Strength

By DENISE DUHAMEL

 

I’d started a strength training class ($25 a pop)
after my mom’s hands no longer worked, after her arms
hung weak by her sides and she didn’t have the power
to pull up her pants. For two years I’d thought
about the class but was too cheap to sign up
when I could go to free yoga-on-the-beach
which met at the same time. Now, because of COVID-19,
the class can no longer meet. Now, because of COVID-19,
the beach is closed—not only to yoga, but also to walking
and sunbathing and swimming. Not so long ago
I stretched bands across my chest and held balls
between my knees lowering my legs
onto a mat next to other women my age,
some of whom had been in car accidents
or had hip replacements, and others who, like me,
had never thought much about their muscles.
We’d talk about where to get the best Greek salad—
Giorgio’s, now closed—or the hazards
of driving at night. My mom dozed
on and off in the nursing home, using all
of her strength, her training to stay positive—
no more visitors, no more mass, no more matinees—
as she fiddled with her flip phone,
her numb fingers trying to call me.

 

[Purchase Issue 21 here.]

 

Denise Duhamel’s most recent book of poetry is Second Story. Her other titles include Scald, Blowout, Ka-Ching!, Two and Two, Queen for a Day: Selected and New Poems, The Star-Spangled Banner, and Kinky. She and Maureen Seaton have co-authored four collections, the most recent of which is CAPRICE (Collaborations: Collected, Uncollected, and New). She and Julie Marie Wade co-authored The Unrhymables: Collaborations in Prose. She is a Distinguished University Professor in the MFA program at Florida International University in Miami.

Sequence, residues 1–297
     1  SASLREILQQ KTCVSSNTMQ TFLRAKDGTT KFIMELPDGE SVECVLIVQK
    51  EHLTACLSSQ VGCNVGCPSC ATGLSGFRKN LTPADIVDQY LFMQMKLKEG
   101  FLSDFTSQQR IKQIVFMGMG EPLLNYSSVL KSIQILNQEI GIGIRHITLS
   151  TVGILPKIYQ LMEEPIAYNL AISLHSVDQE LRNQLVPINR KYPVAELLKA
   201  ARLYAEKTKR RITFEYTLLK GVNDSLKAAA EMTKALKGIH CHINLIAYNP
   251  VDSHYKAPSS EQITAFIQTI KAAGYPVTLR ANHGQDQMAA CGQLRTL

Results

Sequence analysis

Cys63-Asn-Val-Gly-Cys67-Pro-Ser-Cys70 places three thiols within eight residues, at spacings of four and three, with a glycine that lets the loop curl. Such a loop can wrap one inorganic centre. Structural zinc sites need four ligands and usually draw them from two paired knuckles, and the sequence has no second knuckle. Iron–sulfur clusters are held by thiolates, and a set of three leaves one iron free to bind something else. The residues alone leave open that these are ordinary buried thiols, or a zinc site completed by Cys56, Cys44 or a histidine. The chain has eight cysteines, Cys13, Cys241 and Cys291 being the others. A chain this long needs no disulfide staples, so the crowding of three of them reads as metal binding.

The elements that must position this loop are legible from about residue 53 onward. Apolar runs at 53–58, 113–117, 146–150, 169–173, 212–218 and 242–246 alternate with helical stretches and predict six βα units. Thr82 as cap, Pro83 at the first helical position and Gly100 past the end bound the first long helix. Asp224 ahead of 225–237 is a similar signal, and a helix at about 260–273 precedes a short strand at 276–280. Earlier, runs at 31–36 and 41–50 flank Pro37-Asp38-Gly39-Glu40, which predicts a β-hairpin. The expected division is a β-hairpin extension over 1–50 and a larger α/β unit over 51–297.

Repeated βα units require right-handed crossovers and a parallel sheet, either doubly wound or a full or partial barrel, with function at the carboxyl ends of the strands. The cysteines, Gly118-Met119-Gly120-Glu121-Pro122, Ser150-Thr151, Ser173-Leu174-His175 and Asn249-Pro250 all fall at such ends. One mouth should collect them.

Strength

Related Posts

WMass Farm fall

On Accumulation

OLIVE AMDUR
There were tomato plants on the windowsill of the loft where I slept, and at night, when all the lights were out, I could see stars through the screened glass. We stayed only a few days, for momentary distance from the city, heavy with humidity and grief.

Podcast: Talia Lakshmi Kolluri on “The Good Donkey”

TALIA LAKSHMI KOLLURI
Talia Lakshmi Kolluri speaks to managing editor Emily Everett about her story “The Good Donkey,” which appears in The Common’s spring issue. In this conversation, Kolluri talks about writing fiction from the perspectives of different animals, and where the inspiration for those stories comes from.

Mesquite plant

July 2021 Poetry Feature: Burlin Barr

BURLIN BARR
but the wolf tree was there and there was a place where // trophies hung: entire / bodies slung there in semi permanence // turning into everything / imaginable between a fresh body and shit and a variety // of trash; except Otis; he kept his right in front / of the house even